Lately, worshippers in the state of Texas shot dead a gunman who opened fire during a Sunday service, ending an attack that killed one parishioner and wounded another, police said. It was the latest US shooting at a house of worship that took place in the suburban Fort Worth community of White Settlement on Sunday morning, Daily Sabah reported.
On Saturday, a knife-wielding man stormed into a rabbi's home and stabbed five people as they celebrated Hanukkah in an Orthodox Jewish community North of New York City, the latest in a string of violence targeting Jews in the region, including a December 10 massacre at a Kosher Grocery store in New Jersey. It was also the 13th anti-Semitic attack in New York since December 8.
Last month in Monsey, a man was stabbed while walking to a synagogue.
Anti-Muslim sentiments are growing in the US, as more Muslims have become the target of increasing hostility. For years, American Muslims have become used to police patrols, active shooter drills and private security officers guarding mosques for Friday prayers.
Based on research conducted by the New America Foundation and the American Muslim Institution, two in five Americans think that Islam is not compatible with the country's values. Among Republicans, the percentage is higher with 71% of them feeling uncomfortable with Islam. About 56% of Republicans also admitted they would be concerned if a mosque was built in their neighborhood, the study reveals.
According to a leading Muslim advocacy group, the Council on American-Islamic Relations (CAIR), the number of anti-Muslim hate crimes in the US rose 91 percent in the first half of 2017, compared with the same period in 2016. The most frequent type of incidents, documented by CAIR in the second quarter of 2017 involved harassment, defined as a non-violent or non-threatening incident.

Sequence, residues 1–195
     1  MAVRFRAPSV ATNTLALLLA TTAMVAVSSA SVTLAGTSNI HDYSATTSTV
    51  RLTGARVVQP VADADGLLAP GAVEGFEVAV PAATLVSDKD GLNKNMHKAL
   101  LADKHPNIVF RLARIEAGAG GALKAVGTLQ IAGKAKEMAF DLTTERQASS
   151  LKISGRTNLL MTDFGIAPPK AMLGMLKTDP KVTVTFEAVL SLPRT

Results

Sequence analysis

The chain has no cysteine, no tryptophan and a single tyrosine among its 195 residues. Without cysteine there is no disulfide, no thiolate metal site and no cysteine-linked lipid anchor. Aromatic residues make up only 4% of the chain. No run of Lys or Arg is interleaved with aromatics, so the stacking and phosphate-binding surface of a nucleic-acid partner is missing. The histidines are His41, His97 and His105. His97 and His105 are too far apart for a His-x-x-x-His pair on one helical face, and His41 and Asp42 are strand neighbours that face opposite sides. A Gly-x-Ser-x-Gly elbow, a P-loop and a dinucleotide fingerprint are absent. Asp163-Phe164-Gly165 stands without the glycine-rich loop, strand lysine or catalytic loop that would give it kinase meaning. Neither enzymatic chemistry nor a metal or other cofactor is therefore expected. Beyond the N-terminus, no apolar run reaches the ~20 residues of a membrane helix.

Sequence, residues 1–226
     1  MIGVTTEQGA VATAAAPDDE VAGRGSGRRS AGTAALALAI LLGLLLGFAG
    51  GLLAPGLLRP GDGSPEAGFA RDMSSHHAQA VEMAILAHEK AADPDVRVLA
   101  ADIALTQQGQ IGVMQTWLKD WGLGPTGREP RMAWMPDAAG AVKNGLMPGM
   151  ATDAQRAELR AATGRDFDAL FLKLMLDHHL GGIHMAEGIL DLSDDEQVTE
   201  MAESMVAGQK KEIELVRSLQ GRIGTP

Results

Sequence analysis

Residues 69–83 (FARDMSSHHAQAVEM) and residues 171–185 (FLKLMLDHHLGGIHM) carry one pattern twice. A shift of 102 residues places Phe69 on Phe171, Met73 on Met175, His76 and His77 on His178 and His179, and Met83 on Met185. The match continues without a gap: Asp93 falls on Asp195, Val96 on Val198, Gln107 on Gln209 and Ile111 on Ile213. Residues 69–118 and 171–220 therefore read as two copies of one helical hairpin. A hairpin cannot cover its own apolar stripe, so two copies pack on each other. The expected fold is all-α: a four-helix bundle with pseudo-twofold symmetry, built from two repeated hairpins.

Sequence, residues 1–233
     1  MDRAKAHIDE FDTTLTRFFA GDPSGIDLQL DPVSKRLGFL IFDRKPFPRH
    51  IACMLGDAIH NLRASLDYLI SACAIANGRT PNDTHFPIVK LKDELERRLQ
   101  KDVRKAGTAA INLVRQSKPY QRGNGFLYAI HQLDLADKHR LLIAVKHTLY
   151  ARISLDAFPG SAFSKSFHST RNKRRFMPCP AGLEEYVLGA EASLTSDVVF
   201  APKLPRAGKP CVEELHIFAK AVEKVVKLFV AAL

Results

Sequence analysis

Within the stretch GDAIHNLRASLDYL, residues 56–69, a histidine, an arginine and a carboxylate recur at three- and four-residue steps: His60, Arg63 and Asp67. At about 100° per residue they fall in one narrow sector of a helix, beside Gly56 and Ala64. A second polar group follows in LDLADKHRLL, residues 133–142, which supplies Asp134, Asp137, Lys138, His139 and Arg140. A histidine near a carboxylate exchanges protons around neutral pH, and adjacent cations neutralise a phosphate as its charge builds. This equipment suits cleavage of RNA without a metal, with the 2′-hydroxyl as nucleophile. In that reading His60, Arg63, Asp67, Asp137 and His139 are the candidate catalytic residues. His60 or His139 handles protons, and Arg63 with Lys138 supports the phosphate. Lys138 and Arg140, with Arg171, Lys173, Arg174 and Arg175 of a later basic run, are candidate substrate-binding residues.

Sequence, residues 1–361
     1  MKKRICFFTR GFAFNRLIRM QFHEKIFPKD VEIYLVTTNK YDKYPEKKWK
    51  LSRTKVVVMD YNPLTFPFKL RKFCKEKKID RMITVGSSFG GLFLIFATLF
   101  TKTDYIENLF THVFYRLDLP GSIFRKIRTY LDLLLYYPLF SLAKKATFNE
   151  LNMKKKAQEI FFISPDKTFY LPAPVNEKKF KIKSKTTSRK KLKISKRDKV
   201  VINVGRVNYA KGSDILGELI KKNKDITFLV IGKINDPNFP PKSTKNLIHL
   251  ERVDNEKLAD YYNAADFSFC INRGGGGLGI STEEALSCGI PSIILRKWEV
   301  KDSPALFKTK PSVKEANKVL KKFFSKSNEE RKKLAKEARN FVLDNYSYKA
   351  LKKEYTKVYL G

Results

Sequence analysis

The second most common type of bias incidents were hate crimes and involved physical violence or property damage.
CAIR announced that the most prevalent trigger of anti-Muslim bias incidents in 2017 remains the victim's ethnicity or national origin, accounting for 32 percent of the total.
For years, American Muslims have become used to police patrols, active shooter drills and private security officers guarding mosques for Friday prayers.
CAIR, the largest Muslim rights group in the United States, said Muslims and other minority groups had faced a surge in bigotry since Donald Trump won the 2016 US presidential election. A CAIR statement blamed this in part on what it described as "Islamophobic, white supremacist and racist Trump administration policies and appointments".
Shootings are a frequent occurrence in the US but despite the scale of the gun violence problem in the country, efforts to address it legislatively have long been largely deadlocked at the federal level.
The perennial debate over gun control in America kicks up again with each shooting, a far too frequent occurrence. Yet, no solution has been found over the decades that satisfies both those seeking stricter gun controls to reduce such tragedies and those supportive of constitutional guarantees to the right to bear arms. The power of an influential gun lobby and a long tradition of gun ownership have meant that little has been done to improve gun safety. Efforts have always proved divisive and Republican lawmakers have been highly successful at preventing what they describe as an assault on their right to bear arms under the Second Amendment of the US Constitution.
Guns kill about 36,000 people a year in the US, one of the most heavily armed countries in the world, through suicides, homicides, police-involved shootings and accidents. The country has lived through a sharp rise in mass shootings in recent years, alarming the public and triggering a new debate on how to control this epidemic of violence.
In November 2017, a gunman shot dead 26 worshippers during a service at a Baptist church in Sutherland Springs, Texas, outside San Antonio. Almost a year later, in October 2018, an anti-Semitic shooter killed 11 people at a Pittsburgh synagogue.